25 Years/25 Treasures:
A Celebration of UT Austin's Briscoe Center for American History
On view starting Sept. 17, 2016 until Monday, January 16, 2017
LBJ Presidential Library
9:00 a.m. - 5:00 p.m.
"25 Years/25 Treasures celebrates the Briscoe Center's quarter centennial, as well as more than a century of collection and curation at the university since its founding in 1883," said Don Carleton, executive director of the Briscoe Center. "Items on display vary greatly from one another, but have at least one thing in common—they each make unique and important contributions to our understanding of the past."
Documents on display include letters written by Presidents George Washington, Thomas Jefferson and Andrew Jackson, the oldest datable photograph of Texas (1849) and the oldest published description of Texas (1555). Other artifacts include maps, photographs, and flags, as well as historic furniture, quilts and clothing. Of special mention is the marble rostrum used by every speaker of the U.S. House of Representatives between 1857 and 1950, and an 1881 legal opinion that has been called the "founding document of American corporate capitalism." Each treasure is supplemented by additional artifacts that help explain both the treasure and its time. In short, the exhibit showcases many of UT Austin's most valuable objects of historical significance.
Dolph Briscoe: Texan Now on Display at the Briscoe–Garner Museum
Tuesday - Saturday, 9:00 a.m. - 4:00 p.m.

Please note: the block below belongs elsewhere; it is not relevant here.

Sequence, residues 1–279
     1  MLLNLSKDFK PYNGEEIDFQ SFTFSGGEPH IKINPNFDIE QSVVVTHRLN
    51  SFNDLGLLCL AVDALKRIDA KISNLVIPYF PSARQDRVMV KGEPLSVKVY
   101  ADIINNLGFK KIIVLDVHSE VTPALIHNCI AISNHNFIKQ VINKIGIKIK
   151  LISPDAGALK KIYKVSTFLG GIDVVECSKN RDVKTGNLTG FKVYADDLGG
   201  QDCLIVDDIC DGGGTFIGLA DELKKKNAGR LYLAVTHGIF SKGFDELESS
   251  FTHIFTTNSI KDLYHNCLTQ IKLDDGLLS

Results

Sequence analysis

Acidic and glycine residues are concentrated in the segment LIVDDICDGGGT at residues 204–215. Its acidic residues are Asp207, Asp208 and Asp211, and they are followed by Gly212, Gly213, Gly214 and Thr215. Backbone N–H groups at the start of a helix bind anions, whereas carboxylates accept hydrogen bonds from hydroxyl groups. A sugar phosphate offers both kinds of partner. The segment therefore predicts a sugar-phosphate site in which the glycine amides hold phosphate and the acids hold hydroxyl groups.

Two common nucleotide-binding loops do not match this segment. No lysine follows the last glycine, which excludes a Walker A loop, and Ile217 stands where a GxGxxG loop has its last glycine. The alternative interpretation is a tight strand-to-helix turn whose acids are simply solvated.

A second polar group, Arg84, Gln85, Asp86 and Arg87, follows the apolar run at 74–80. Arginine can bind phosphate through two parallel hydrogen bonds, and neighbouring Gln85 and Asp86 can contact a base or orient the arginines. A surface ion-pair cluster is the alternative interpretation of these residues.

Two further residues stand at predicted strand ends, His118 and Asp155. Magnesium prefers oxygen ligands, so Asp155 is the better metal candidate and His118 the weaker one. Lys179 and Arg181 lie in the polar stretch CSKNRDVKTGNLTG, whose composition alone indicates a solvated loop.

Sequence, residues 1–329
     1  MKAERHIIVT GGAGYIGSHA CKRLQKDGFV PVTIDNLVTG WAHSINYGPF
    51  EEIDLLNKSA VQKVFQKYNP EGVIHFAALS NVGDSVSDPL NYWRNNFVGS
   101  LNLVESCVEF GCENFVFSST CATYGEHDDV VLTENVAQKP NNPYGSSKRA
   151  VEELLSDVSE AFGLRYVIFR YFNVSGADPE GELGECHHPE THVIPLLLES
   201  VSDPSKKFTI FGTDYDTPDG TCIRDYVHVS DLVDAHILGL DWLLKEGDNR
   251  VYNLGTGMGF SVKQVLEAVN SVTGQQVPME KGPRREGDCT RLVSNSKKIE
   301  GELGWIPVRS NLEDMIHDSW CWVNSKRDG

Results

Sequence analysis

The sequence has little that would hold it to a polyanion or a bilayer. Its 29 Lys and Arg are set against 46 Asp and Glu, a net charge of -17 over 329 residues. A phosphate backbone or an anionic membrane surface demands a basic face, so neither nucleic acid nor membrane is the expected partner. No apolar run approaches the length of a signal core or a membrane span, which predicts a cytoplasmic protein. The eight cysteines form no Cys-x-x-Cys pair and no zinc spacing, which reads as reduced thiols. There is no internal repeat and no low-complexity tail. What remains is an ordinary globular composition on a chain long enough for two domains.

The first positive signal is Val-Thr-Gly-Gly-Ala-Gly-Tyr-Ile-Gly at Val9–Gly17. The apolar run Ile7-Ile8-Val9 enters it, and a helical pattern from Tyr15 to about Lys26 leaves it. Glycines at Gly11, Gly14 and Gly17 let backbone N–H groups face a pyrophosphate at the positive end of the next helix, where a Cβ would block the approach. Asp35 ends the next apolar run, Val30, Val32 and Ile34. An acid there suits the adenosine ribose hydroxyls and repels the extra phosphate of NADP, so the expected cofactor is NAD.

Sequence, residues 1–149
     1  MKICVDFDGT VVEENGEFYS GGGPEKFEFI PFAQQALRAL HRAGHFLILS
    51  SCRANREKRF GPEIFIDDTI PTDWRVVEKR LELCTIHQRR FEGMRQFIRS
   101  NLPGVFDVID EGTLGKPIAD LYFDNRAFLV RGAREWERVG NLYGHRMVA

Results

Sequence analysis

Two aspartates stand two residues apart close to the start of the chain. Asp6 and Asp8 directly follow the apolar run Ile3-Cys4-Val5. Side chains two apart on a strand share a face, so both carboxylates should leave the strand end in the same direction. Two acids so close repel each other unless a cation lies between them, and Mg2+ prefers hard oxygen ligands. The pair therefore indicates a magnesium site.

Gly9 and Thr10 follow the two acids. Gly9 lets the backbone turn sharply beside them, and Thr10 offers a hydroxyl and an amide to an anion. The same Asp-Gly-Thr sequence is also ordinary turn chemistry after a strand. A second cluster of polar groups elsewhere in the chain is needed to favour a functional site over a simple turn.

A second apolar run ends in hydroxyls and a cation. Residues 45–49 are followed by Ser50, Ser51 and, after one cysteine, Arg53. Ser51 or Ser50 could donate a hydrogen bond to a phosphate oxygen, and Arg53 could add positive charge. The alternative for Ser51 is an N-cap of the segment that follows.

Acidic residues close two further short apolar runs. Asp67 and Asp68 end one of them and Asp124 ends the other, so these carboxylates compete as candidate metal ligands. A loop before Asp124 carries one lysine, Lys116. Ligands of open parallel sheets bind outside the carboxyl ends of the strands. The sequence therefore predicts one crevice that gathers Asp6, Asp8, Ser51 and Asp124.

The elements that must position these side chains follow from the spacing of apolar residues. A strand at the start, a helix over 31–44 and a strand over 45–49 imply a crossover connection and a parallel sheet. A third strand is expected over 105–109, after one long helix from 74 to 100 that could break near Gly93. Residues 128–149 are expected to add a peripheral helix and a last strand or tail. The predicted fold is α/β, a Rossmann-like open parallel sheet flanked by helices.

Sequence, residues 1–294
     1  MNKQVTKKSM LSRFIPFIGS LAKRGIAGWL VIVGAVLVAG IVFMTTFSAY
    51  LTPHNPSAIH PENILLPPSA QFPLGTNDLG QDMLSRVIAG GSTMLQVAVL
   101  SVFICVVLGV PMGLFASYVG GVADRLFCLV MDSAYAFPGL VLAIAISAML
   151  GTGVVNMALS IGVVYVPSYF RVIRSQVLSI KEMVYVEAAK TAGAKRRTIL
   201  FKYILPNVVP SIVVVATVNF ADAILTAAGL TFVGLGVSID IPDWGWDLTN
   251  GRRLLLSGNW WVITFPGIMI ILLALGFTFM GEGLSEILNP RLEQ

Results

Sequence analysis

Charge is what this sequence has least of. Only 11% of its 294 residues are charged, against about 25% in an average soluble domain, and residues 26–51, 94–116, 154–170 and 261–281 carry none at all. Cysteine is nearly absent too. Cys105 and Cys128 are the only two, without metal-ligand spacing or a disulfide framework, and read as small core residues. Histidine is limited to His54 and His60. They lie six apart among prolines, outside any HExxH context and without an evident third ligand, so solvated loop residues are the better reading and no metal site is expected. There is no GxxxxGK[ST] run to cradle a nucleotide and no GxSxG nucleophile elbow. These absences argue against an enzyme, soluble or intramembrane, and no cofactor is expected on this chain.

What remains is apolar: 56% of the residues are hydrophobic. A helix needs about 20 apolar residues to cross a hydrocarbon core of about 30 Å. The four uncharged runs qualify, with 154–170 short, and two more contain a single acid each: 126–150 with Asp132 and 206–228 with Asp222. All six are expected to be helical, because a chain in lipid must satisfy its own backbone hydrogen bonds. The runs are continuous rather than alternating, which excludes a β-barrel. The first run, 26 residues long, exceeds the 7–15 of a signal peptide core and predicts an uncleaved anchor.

The Briscoe–Garner Museum, a division of the Dolph Briscoe Center for American History at the University of Texas at Austin, proudly presents the new permanent exhibit Dolph Briscoe: Texan. The exhibit is displayed on the refurbished second floor of the Briscoe–Garner Museum, which until now has never been open to the public. Dolph Briscoe: Texan is organized around key themes in the governor's life and career, and covers his time as a rancher and family man in Uvalde, his military service in World War II, his key accomplishments while serving as a state representative and later governor of Texas, and his wide-ranging philanthropic activities.
Willie Nelson: Texas Icon
In 2013, Nelson donated his vast collection of gifts, awards, and personal items to the University of Texas at Austin’s Briscoe Center. The Briscoe Center is a natural home for the Willie Nelson Collection, with resources covering a wide range of folk and popular music of Texas and the greater South and Southwest. The Willie Nelson display in the North End Zone of the Longhorn football stadium will change regularly to explore different aspects of this multitalented man and his music.
The Sam Rayburn Museum will reopen Sunday, November 11, after a comprehensive renovation of its permanent exhibit, the first major overhaul of the exhibit since the museum opened more than fifty years ago.